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Journal club low dose thephylline vs montelukast

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    Journal club low dose thephylline vs montelukast Journal club low dose thephylline vs montelukast Presentation Transcript

    • BySURASARIT KHAWLAOR
    • INTRODUCTION Disadvantage of Disadvantage of theophylline montelukast Side effect  More expensive Inconvenience of monitoring blood levels Advantage Advantage  Not requiring Not expensive titration Antiinflammatory  Not monitoring & blood levels
    • INTRODUCTION Reason for this researchTheophylline as add-on therapy to ICS shown oBenefit in oCons inMeta-analysis have questioned efficacy of LTRA in asthma therapy when added to ICS Not comparing effectiveness of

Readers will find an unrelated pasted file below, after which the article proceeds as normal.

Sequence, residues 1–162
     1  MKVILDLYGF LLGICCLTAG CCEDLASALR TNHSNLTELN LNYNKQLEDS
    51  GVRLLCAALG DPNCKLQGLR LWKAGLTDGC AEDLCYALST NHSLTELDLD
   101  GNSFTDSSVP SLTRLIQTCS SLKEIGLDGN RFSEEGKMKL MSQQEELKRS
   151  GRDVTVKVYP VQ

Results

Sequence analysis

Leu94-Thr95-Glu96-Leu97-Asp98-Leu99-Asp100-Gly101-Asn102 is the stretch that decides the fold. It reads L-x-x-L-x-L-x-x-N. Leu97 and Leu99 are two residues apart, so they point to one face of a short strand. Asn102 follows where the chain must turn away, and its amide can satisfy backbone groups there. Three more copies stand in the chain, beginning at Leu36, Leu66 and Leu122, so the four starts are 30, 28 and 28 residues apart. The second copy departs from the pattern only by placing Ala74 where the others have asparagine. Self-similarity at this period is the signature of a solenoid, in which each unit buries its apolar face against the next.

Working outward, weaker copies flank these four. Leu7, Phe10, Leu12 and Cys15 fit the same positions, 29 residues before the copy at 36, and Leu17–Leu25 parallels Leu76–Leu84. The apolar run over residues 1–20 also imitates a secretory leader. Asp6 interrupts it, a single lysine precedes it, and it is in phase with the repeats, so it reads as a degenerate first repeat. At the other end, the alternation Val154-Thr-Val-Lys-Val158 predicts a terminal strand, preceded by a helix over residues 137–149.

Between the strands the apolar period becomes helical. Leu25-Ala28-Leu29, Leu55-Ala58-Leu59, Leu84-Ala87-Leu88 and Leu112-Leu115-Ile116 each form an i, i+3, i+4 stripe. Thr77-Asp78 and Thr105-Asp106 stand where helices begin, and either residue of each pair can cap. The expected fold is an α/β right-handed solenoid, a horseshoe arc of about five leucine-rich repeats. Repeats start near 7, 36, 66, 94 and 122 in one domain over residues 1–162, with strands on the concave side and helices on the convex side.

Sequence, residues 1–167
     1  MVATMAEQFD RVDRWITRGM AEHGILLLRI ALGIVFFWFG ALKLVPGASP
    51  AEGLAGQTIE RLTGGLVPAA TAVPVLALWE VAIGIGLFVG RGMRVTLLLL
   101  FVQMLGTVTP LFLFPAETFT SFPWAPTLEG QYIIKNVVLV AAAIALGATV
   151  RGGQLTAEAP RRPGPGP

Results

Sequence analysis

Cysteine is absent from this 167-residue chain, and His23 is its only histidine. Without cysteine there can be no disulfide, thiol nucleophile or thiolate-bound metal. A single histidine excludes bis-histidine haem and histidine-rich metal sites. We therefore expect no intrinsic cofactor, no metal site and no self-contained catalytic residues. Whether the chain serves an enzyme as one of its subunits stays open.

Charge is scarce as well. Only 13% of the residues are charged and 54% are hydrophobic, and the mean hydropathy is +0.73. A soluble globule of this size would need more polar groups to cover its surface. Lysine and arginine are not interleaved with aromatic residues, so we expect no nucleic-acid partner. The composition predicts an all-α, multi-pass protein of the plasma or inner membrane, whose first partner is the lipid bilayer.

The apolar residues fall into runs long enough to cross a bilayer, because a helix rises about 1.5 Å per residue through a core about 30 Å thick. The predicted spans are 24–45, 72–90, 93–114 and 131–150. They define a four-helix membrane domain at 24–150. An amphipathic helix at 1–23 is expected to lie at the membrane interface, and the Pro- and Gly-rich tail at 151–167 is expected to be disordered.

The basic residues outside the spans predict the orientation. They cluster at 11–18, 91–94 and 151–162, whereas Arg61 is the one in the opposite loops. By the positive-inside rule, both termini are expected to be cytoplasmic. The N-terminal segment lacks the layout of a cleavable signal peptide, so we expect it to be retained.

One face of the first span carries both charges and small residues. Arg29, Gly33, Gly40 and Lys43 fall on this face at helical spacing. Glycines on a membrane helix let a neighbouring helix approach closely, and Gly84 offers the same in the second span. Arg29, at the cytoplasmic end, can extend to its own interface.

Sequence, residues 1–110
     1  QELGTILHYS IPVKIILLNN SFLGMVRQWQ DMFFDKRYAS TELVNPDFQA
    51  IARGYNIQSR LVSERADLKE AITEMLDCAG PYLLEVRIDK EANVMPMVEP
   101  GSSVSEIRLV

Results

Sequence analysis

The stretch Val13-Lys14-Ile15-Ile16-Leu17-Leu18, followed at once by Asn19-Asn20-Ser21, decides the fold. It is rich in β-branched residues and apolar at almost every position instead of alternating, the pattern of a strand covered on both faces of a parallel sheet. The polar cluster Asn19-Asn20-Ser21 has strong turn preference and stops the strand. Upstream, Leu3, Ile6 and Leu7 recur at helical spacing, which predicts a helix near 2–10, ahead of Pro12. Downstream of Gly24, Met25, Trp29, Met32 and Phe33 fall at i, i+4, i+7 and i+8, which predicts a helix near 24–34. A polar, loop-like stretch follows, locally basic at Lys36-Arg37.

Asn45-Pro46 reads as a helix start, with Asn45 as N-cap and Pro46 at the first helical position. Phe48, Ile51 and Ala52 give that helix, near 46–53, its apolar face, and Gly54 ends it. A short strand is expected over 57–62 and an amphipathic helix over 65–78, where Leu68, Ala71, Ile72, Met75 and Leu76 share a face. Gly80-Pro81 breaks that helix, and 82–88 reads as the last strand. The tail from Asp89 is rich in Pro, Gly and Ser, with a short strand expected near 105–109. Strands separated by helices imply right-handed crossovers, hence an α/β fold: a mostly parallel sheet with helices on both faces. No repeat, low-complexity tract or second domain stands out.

• INTRODUCTIONObjective To compare effectiveness of low- dose theophylline and montelukast for poorly controlled asthma patients focused on Primary outcome : asthma control by measuring rate of episodes of poor asthma
    • INTRODUCTION
    • INTRODUCTIONfor patients with moderateasthma & persistent symptoms: low –dose inhaledbudesonide with theophylline &high-dose inhaled budesonideproduced similar benefits
    • INTRODUCTION
    • INTRODUCTION
    • INTRODUCTION LTRA, but low-dose theophylline, conferred significant additive antiinflammatory effects to therapy with low-dose inhaled corticosteroid but not with
    • PROTOCOL
    • PROTOCOL Randomized, double-masked, placebo-controlled trial Participants from 19 centers in American Lung Association Clinical Research center Age >= 15 yrs., physician- diagnosed asthma Prescribed daily asthma